Los Angeles Seifu Makonnen, a former Olympic boxer from Ethiopia, is undergoing treatment for kidney disease and waiting for a transplant.
Makonnen was once one of the most feared boxers in East Africa. A heavyweight with a fierce punch, he was called Tibo, Amharic for “knockout.”
He has a clutch of gold medals from various victories across the world and a tattoo on his right shoulder of five interlocked rings a reminder of when he represented Ethiopia at the 1972 summer Olympics in Munich.
But he hit his peak just as a hard-line military junta swept into power in his country, after the 1974 ousting of Emperor Haile Selassie I.
The communist regime put him in jail for several months. Later he was sent to train in Cuba. On a layover in Montreal on the way back to Ethiopia, he slipped a letter to airport police seeking political asylum.
He moved to Los Angeles with refugee status in 1978 and gave up boxing for another fight.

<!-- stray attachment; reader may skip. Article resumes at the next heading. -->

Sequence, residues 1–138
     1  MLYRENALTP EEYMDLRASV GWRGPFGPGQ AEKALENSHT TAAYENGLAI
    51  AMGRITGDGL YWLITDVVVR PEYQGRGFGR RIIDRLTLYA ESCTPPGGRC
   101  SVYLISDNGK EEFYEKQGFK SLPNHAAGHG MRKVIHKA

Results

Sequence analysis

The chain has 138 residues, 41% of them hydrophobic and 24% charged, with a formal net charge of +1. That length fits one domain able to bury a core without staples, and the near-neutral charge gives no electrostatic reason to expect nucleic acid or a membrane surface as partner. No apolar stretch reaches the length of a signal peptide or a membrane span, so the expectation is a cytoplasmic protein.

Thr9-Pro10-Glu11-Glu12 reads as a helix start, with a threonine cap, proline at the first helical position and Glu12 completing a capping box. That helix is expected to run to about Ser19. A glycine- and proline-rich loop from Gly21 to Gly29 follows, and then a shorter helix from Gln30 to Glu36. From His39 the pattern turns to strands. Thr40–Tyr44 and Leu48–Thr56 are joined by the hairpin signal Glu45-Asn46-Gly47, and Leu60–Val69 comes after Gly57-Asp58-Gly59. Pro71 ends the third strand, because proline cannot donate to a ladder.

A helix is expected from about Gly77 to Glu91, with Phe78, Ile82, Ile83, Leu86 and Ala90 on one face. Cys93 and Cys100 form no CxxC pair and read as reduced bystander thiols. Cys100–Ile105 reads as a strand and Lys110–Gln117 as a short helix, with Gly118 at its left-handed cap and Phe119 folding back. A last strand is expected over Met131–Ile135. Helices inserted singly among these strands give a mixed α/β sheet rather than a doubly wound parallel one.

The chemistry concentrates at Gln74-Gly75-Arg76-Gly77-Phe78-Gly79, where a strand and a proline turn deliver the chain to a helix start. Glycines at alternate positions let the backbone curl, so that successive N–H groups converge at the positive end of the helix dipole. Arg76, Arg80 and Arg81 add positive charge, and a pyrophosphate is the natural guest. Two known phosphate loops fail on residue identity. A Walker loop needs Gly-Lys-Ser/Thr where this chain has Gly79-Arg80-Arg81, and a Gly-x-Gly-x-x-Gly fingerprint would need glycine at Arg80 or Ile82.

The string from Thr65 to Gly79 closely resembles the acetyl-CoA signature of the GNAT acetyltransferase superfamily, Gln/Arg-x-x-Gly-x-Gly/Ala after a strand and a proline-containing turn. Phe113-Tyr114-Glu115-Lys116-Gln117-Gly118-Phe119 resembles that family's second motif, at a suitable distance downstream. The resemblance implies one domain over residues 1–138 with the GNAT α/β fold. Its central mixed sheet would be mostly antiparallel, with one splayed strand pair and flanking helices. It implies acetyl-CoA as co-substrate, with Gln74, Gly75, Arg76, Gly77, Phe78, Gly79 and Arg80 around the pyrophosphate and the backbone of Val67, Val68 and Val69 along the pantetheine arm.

When Makonnen arrived in L.A., there were no Ethiopian restaurants or churches.
“Back then, everybody was on his own,” he said.
Makonnen helped found St. Mary’s Ethiopian Apostolic Church on Compton Avenue, the nation’s first Ethiopian church. While living in Washington, D.C., briefly, he opened a health center where Ethiopian athletes could train and started a weekly radio program about Ethiopian sports.
He helped build the community that now is helping him. For full report, visit the Los Angeles Times.